Republic of China was established to the death of Mao

Zedong in 1976, Chinese Socialist Realist art was influenced by the Soviet Union. The art of the Soviet

Union combines the Russian realistic tradition with the revolutionary idea. So the Chinese Socialist Realist models are brilliantly colored, grouped compositions of larger-than-life, red-faced heroes of war and peace.

Otherwise, the Chinese version of was similar to of the Soviet Union. The

Chinese painter, Xu Beihong' s ( 1895-1953) academic vision of Romantic Realism was based on nineteenth-century

French traditions. Xu studied art in and brought 5 it to China and influenced in China. Chinese art in the post-Mao period is at a crossroad. As the work evolves, it reflects the major changes taking place in China. In the academies of art realism still dominates the training. However, influences from European realistic traditions and contemporary Western art are evident. The faculty at the Shanghai Normal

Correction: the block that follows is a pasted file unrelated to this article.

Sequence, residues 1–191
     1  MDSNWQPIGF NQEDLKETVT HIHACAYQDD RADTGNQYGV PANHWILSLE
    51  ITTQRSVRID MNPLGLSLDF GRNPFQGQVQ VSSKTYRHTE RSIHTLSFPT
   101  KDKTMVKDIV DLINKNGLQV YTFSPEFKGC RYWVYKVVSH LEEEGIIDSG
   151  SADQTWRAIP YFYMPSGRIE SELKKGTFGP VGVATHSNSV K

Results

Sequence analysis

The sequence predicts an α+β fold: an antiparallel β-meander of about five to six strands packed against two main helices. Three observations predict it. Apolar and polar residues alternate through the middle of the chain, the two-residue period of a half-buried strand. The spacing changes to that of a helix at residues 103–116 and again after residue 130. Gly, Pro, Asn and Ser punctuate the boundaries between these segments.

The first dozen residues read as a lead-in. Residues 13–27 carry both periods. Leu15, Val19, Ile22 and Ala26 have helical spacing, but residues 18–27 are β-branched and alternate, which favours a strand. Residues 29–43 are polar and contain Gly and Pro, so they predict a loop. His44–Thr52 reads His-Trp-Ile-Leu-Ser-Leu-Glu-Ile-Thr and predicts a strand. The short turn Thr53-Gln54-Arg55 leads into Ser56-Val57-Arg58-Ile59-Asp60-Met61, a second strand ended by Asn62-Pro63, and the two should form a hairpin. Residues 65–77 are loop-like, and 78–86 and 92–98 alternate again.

University Art Department trains students to appreciate the European realistic traditions. During my four years there, I followed the standard program for art students which included drawing, anatomy, color schemes, and psychology in the first year. In the second year, additional classes included , watercolor, and art history (both Eastern and Western traditions). The third year focused upon composition, incorporating the figure, , and landscape. The fourth year was devoted to my thesis work in painting, examples of which

I brought to America and exhibited in Portland in 1987.